Sekar Kathiresan, MD
4:00 PM — 6:00 PM
Massachusetts General Hospital, Broad Institute and Harvard Medical School
Massachusetts General Hospital
Ofer and Shelly Nemirovsky MGH Research Scholar
Director of the Cardiovascular Disease Initiative
Associate Professor of Medicine
Harvard Medical School
“Leveraging the Genome to Understand Risk and Protection from Heart Attack”
Dr. Sekar Kathiresan seeks to understand the genetic basis for heart attack and use this knowledge to improve cardiac care. Beyond low density lipoproteins (LDL) cholesterol genes, he has shown that inherited heart attack risk may be due to monogenic mutations that impair clearance of triglyceride-rich lipoproteins or due to a polygenic model, that is, the cumulative impact of multiple DNA polymorphisms. He has developed a test for polygenic risk, and showed that statin therapy or a healthier lifestyle can modify polygenic risk. He has also identified gene mutations that confer resistance to heart attack by enhancing the clearance of triglyceride-rich lipoproteins, findings which have inspired the development of new medicines.
Dr. Sekar Kathiresan, a physician scientist and a human geneticist, is the Director of the Center for Genomic Medicine at Massachusetts General Hospital, Ofer and Shelley Nemirovsky MGH Research Scholar, Director of the Cardiovascular Disease Initiative at the Broad institute, and an Associate Professor of Medicine at Harvard Medical School. Dr. Kathiresan leverages human genetics to understand the root causes of heart attack and to improve preventive cardiac care. Among his scientific contributions, Dr. Kathiresan has helped highlight new biological mechanisms underlying heart attack, discovered mutations that protect against heart attack risk, and developed a genetic test for personalized heart attack prevention.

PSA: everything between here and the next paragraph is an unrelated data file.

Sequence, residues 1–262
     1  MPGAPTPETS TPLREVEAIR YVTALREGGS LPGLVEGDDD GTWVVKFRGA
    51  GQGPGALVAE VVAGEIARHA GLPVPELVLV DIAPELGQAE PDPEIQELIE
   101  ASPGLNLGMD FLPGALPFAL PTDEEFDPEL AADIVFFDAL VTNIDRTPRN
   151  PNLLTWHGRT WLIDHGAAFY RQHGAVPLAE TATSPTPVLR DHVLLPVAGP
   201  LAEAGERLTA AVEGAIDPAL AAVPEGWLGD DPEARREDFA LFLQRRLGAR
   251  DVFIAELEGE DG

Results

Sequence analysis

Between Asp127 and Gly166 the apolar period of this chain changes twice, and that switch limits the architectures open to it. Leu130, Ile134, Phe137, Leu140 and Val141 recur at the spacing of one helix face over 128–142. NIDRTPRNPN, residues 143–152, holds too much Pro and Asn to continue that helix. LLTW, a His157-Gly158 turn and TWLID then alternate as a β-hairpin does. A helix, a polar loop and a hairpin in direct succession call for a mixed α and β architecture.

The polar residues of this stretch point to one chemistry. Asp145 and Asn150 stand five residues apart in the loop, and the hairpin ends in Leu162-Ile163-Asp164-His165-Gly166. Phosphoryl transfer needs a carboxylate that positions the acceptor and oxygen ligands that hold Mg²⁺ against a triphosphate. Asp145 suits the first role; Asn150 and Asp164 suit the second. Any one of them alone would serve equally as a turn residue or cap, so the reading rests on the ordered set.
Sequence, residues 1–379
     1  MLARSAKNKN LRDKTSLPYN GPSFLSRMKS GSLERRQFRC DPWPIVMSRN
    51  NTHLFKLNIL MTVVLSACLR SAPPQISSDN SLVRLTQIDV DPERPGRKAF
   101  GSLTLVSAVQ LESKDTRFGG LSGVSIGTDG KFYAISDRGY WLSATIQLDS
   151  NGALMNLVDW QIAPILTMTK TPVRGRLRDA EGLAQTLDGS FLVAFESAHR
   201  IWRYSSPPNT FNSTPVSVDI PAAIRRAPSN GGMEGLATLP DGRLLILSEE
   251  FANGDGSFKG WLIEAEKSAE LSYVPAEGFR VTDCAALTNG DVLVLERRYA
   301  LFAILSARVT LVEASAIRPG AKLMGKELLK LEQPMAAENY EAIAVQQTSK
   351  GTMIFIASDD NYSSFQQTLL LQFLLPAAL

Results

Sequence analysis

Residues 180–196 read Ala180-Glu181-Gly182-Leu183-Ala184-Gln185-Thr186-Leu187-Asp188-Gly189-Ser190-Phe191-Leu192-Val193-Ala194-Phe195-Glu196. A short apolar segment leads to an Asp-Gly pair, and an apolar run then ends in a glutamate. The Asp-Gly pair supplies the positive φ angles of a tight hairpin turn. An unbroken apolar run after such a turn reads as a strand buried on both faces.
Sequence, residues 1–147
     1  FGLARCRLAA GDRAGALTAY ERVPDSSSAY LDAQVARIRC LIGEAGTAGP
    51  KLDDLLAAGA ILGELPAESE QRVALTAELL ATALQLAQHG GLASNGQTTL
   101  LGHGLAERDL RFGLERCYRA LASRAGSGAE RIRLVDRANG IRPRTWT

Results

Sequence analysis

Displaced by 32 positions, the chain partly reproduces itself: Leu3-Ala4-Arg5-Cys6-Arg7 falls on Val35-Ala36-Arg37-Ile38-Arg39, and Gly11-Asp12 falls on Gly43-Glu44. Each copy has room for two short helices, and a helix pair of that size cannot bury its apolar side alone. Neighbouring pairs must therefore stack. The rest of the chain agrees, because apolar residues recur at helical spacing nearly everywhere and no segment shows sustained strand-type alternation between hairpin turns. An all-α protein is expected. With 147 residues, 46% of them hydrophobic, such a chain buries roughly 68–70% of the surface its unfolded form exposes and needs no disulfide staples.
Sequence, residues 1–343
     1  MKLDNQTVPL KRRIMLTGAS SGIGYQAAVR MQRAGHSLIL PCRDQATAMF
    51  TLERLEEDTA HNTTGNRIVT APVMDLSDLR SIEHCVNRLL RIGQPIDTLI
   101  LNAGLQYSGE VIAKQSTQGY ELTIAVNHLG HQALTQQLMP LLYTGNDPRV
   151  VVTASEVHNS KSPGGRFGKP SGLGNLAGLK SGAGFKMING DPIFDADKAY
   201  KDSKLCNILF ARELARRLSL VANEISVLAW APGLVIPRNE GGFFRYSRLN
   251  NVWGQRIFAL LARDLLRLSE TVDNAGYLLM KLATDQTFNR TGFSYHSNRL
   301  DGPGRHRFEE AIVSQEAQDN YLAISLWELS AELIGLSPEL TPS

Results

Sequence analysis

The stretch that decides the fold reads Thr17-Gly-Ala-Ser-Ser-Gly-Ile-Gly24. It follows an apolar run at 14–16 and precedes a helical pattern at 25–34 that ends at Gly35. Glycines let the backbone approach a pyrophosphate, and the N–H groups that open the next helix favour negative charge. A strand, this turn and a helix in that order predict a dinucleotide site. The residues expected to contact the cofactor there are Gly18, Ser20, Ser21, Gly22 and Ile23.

To learn more about Dr. Sekar Kathiresan’s research, visit Google Scholar – Sekar Kathiresan, MD.
+FIVE POINTSFive Points lecture series bring leading scientists from around the world for an in-depth discussion of their work with students, researchers and clinicians from the New York Genome Center, its member institutions, and others in the medical/scientific community. While Five Points lectures are free and open to the general public, these lectures are most beneficial to scientists, clinicians and researchers who wish to accelerate their research through the use of DNA sequencing technology and bioinformatics. Five Points lectures often frame five or so key points, in a nod to the series’ name — followed by 15 minutes of Q&A, and 30 minutes of networking over hors d’oeuvres and cocktails. These afternoon events are held in the Center’s state-of-the-art ground-floor auditorium starting at 4 pm.
+EVENING TALKSThe New York Genome Center’s Evening Talks events feature distinguished experts from around the world sharing genomic insights and research. They are intended to showcase and explain high science to the non-scientific community. Speakers present the latest research findings and explain its implication for helping improve clinical care for a wide array of serious diseases. The lecture is followed by a lively question-and-answer session and a post-event reception of hors d’oeuvres and cocktails. These popular free public events are held in the Center’s state-of-the-art ground-floor auditorium starting at 6:30 pm. The Evening Talks Series is sponsored by The New York Community Trust – Pyewacket Fund.
+New York Cancer Genomics Research NetworkTo advance collaborative efforts on cancer genomics, the New York Genome Center (NYGC) hosts meetings on the first Tuesday of every month to bring together leading cancer researchers, clinicians and postdocs from the NYGC’s Institutional Founding Members and other key academic institutions. The organizers include Drs. Harold Varmus (Weill Cornell Medicine & NYGC), Marcin Imielinski (Weill Cornell Medicine & NYGC), Ross Levine (Memorial Sloan Kettering Cancer Center) and Sohail Tavazoie (The Rockefeller University).